However I agree that "collectors sales" are awful for dealers...
Linda c

    Bookmark   May 16, 2010 at 11:22AM
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Linda, ALL auctions that I attend are open to ALL buyers. There is no such thing (at least in the eastern states)as a distinct "collector's sale", nor are there "trade only" sales. Taking this from the auctioneer's perspective-the goal is to maximise the hammer price of each lot that crosses the block. This benefits both auction and consignor. Therefore, closing sales to the public (collectors) contraindicates that goal. Perhaps there may be a few places local to you that require a dealer to have a tax ID or license of some sort in order to attend but that is not the practice here. Is the Harris auction a dealer only auction? I didn't see any restrictions in a quick perusal of the site.
In this area, if trade attends sales, trade does so in order to buy specific items for specific clients, or hopes that something 'slips through the cracks' so that it may be purchased for later retail sale. Unfortunately most things are greedily grabbed by clients with very deep pockets! It's no secret that many in the gallery and most of the telephone bids are trade bidding on behalf of these clients.

I looked up the Gene Harris-got Tom Harris, presumably that's the son who took over? I used to go to sales like this but never, ever found one single thing that I would retail; although there have been two or three objects within my specialty, these were so tatty that I couldn't be bothered. I rarely buy 'projects'. I have one object sitting in my house that needs only a re-gluing and re-set of its tripod base (minor repair and not considered attrition). I have had this object since the end of March and haven't got the job done yet. All it takes is a telephone call. Just so you know why I can't buy projects!

We often fall into inventory just by word of mouth, mostly through our networks. I really prefer buying from and selling to trade, although margins are slimmer it's enormously fun. But oh my I do love the axcitement of an auction.

Hehe, now I sortakinda know where you are! You must come east, ma'am, and let me take you round with me. You'd have a blast and would probably be the 'belle of the ball'. But then, in return, you'd have to haul me around all the good places in your region.

    Bookmark   May 16, 2010 at 2:49PM
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Back in the day....LOL! thre would be many many things you could use at these auctions...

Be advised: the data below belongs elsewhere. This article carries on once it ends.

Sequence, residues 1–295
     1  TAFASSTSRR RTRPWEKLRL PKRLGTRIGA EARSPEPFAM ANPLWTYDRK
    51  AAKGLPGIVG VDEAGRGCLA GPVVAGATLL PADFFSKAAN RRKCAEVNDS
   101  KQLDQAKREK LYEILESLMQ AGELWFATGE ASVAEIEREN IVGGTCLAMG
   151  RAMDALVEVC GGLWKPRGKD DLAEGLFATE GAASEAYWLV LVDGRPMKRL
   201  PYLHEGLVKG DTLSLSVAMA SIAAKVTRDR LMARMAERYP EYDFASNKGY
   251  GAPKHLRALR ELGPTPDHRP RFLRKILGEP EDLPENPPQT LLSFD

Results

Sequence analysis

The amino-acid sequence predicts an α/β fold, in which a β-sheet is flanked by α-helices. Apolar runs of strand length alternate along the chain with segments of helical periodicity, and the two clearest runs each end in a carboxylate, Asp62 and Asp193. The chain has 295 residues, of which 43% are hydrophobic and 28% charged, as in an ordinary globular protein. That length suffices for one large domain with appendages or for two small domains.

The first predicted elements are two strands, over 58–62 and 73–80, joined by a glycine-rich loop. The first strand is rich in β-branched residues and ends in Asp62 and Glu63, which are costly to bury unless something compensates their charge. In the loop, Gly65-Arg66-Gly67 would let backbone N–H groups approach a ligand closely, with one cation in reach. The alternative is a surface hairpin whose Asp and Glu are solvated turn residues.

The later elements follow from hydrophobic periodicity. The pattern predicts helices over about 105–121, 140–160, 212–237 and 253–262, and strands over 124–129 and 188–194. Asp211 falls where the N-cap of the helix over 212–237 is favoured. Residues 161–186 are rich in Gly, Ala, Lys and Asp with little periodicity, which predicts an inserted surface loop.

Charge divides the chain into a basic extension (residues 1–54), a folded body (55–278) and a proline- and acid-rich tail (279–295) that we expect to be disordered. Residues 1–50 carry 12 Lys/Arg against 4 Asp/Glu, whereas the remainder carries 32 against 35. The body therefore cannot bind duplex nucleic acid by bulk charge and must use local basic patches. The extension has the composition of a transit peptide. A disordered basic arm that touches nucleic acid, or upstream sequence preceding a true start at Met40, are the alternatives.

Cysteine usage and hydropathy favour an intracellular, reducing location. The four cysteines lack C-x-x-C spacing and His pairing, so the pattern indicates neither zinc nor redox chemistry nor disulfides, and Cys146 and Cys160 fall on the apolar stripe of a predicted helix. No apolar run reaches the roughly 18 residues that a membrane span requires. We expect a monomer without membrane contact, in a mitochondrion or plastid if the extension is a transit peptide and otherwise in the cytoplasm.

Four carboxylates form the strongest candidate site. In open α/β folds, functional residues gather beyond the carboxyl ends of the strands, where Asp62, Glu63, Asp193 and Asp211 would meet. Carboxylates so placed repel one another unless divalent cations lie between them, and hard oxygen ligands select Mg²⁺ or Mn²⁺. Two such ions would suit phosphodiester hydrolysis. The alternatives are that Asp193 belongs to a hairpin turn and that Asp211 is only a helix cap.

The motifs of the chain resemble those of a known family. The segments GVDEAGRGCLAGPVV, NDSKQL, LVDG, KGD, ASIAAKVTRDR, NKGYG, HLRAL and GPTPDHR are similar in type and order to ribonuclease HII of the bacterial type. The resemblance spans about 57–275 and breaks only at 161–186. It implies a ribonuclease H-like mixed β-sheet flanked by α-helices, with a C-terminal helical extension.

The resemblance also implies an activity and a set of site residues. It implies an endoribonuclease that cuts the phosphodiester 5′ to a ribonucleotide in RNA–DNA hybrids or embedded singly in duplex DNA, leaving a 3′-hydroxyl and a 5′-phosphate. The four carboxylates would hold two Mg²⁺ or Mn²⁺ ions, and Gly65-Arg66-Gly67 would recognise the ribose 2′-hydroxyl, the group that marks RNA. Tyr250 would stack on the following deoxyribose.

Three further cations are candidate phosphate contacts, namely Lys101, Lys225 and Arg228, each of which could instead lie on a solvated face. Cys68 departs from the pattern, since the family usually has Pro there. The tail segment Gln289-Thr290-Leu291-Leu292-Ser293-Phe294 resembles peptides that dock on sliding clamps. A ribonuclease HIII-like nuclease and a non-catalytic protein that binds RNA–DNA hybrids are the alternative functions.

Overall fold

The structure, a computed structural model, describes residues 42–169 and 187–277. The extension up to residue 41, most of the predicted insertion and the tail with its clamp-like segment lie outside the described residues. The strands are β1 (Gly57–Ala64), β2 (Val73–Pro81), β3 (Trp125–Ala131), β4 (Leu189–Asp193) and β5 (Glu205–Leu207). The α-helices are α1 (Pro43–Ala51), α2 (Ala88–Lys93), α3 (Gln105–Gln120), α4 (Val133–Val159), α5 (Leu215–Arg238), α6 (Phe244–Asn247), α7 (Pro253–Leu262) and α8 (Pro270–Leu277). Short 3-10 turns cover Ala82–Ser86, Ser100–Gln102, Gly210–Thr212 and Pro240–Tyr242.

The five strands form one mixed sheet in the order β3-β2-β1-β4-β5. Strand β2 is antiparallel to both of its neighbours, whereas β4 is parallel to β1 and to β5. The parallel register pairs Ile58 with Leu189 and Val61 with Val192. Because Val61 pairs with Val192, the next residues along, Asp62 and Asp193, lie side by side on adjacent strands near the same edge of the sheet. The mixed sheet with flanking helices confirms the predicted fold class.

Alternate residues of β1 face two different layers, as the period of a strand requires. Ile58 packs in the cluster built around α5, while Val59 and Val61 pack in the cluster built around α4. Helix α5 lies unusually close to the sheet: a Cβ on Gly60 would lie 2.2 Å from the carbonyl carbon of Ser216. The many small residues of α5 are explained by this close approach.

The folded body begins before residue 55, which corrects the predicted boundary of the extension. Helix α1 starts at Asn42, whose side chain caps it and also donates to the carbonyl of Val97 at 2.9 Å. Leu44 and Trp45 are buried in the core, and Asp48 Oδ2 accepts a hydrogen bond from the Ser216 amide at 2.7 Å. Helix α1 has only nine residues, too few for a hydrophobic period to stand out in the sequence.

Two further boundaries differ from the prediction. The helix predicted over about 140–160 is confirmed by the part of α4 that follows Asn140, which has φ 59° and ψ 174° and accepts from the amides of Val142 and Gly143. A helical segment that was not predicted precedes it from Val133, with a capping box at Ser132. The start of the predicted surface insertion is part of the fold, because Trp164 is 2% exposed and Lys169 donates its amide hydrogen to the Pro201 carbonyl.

When I say "collector's sale" I mean a sale where the auctionere has amassed many lots of the same sort of stuff and advertises it as a doll auction or clock auction or a rug sale or fine furniture...
I find the good buys are at sales of households that have collected lovely things.
Yes...I am out here aren't I! I was born and raised in northern New Jersey where my parents lived until; they died...and I went to school in I know where-of the nifty stuff is hiding!!

    Bookmark   May 16, 2010 at 3:39PM
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Aaah, gotcha. There is a great annual clock auction near here, good saleroom, fun auctioneer.

Come east sometime soon.

Rhinebeck has some great antiques fairs, the spring Brimfield just got done, Hudson has some neat places for poking about, Buffalo has a few gems, Rochester has a few gems, Syracuse has two excellent tradespeople, Binghamton has tradespeople and some interesting sales, NYC of course...Bedford antiques fair, etc-and those are just in NYS!

Now, alisande, have you received sufficient options for moving your items? I believe that if you're comfortable with selling on ebay then you should be fine-you'll already have a following from satisfied customers. Who wouldn't want Orrefors crystal? But do check round auction salerooms. The only problem with consigning to auction is that you wait for the appropriate sale, unless it's a general auction. But you can get an idea how these things move and what sort of prices people may pay for them.

Would like to know what you decided and how you did!

    Bookmark   May 16, 2010 at 8:11PM
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Another idea is to piggy-back on to another household sale....add your stuff to theirs.

    Bookmark   May 16, 2010 at 11:28PM
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There aren't many choices (consignment shops, etc.) in this rural area. I sold some things at auction through Skinner several years ago--packed up the car and drove everything up to Boston. But this time I don't have nearly enough to interest an auction house. More like a little of this, a little of that....

Thanks, though.

    Bookmark   May 17, 2010 at 10:38AM
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I have noticed that this thread is a year and a half old, however I bet some of us can use the answer to it. People still sell and ship fragile items.

I sell mine online, both eBay and Amazon, eBid, and a handful of others. Packing isn't as bad as it seems to be, although I still remember having nightmares over shipping my first fragile item. You need to first wrap it in tissue, then fill with packing peanuts, wrap again in bubble wrap, and put in the box filled with peanuts. You might want to double-box it, in which case you might want to use styrofoam sheets OR styrofoam egg crates for cushion & support.

Make sure you purchase insurance, and stamp your label & box with "FRAGILE" stamp. Good luck.

    Bookmark   December 21, 2011 at 5:46PM